Local Politics

Former Gov. Jim Holshouser dies

Former Gov. Jim Holshouser, the first Republican to be elected as North Carolina's chief executive in the 20th century, died Monday. He was 78.

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PINEHURST, N.C. — Former Gov. Jim Holshouser, the first Republican to be elected as North Carolina's chief executive in the 20th century, died Monday. He was 78.

Holshouser had been in failing health for some time, and he died at First Health of the Carolinas Medical Center in Pinehurst. Monday would have been the 52nd wedding anniversary for him and his wife, Pat.

A funeral service will be held at 1 p.m. Friday at Brownson Memorial Church in Southern Pines. Visitation will be 6 p.m. to 8:30 p.m. Thursday at the church.

“We are grateful for the loving care of the staff at First Health and St. Joseph’s of the Pines and for the many friends and family who have so lovingly supported him and our family through the last several months," his family said in a statement. "Most of all, we are grateful for his example of wisdom, integrity, love and servant leadership.”

Gov. Pat McCrory visited with the family Sunday afternoon. Holshouser served on McCrory's transition team after the November election.

"North Carolina is a better place because of his leadership and, most of all, because of his incredible heart," McCrory said. "I will miss him dearly, and I think many other people will too."

McCrory ordered all U.S. and North Carolina flags at state offices be lowered to half-staff until Holshouser is buried.

Early start in politics

Holshouser grew up in Boone, the son of a prosecutor and a nurse. He got his first taste of politics as a teen, serving as senior class president at Appalachian High School. He graduated from Davidson College and earned a law degree at the University of North Carolina-Chapel Hill, where he also was class president.

Holshouser returned to Watauga County in 1960 after graduating from UNC to practice law with his father. Two years later, an interest in reforming the way state judges were nominated prompted him to run for a seat in the state House.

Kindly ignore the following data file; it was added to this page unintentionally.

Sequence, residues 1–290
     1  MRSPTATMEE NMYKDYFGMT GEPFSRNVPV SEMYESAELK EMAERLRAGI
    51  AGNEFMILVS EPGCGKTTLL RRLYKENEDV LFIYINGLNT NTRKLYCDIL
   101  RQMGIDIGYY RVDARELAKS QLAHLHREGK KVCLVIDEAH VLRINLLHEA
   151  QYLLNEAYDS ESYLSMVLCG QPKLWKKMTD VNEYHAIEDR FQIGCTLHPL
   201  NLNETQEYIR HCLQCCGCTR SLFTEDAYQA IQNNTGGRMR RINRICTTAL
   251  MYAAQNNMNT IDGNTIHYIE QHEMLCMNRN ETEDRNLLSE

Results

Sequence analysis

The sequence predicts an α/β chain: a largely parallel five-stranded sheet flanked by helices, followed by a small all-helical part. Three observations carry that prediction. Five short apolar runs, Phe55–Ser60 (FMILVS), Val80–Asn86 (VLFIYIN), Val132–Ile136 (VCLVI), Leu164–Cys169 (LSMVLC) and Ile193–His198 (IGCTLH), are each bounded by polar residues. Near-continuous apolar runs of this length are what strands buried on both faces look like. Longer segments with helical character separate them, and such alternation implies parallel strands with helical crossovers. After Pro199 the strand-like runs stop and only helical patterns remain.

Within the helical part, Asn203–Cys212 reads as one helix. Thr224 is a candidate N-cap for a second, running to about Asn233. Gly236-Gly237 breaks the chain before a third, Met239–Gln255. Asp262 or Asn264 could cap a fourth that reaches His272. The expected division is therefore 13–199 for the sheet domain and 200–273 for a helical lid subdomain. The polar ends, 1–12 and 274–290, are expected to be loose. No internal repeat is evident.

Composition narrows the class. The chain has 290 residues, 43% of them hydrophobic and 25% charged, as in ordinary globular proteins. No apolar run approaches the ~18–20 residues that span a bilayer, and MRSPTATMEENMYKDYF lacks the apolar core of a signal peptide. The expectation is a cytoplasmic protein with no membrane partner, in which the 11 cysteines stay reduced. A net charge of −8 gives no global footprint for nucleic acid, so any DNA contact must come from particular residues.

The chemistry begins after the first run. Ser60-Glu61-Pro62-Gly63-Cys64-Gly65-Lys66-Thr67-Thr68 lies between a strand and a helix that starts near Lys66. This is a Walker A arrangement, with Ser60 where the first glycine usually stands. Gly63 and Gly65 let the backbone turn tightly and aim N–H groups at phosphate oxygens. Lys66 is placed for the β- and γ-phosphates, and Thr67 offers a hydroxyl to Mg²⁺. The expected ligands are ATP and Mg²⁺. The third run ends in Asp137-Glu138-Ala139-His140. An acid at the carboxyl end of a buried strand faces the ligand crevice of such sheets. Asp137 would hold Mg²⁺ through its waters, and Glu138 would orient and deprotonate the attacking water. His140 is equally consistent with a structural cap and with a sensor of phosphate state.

“I decided I would like to run for the legislature. Looking back, it was a rambunctious decision because I was just as green as grass right out of law school,” he said later.

Although the Democratic Party controlled much of state politics during the 20th century, Holshouser ran as a Republican – he described his family as "Lincoln Republicans" – and won on a platform of judicial reform, lower taxes and implementing vehicle inspections.

By age 32, he had become chairman of the small but growing North Carolina Republican Party, and he continued to gain power in the General Assembly, rising to the post of House minority leader.

After 10 years as a state lawmaker, Holshouser mortgaged a Boone hotel he co-owned to finance a gubernatorial campaign. He ran in 1972 against Democrat Hargrove "Skipper" Bowles, an investment banker who served as commerce secretary under Gov. Terry Sanford and spent six years in the General Assembly.

Riding the coattails of President Richard Nixon's landslide victory over George McGovern, Holshouser eked out a 45,000-vote upset win over Bowles, becoming the first Republican elected as governor of North Carolina since Gov. Daniel Russell in 1896. At age 38, he also was the state's youngest governor in a century.

“The fact that I had experience in the legislature gave enough people confidence that, as a Republican governor, I wouldn’t be like a bull in a china shop,” he said.

Education, health care marked term in office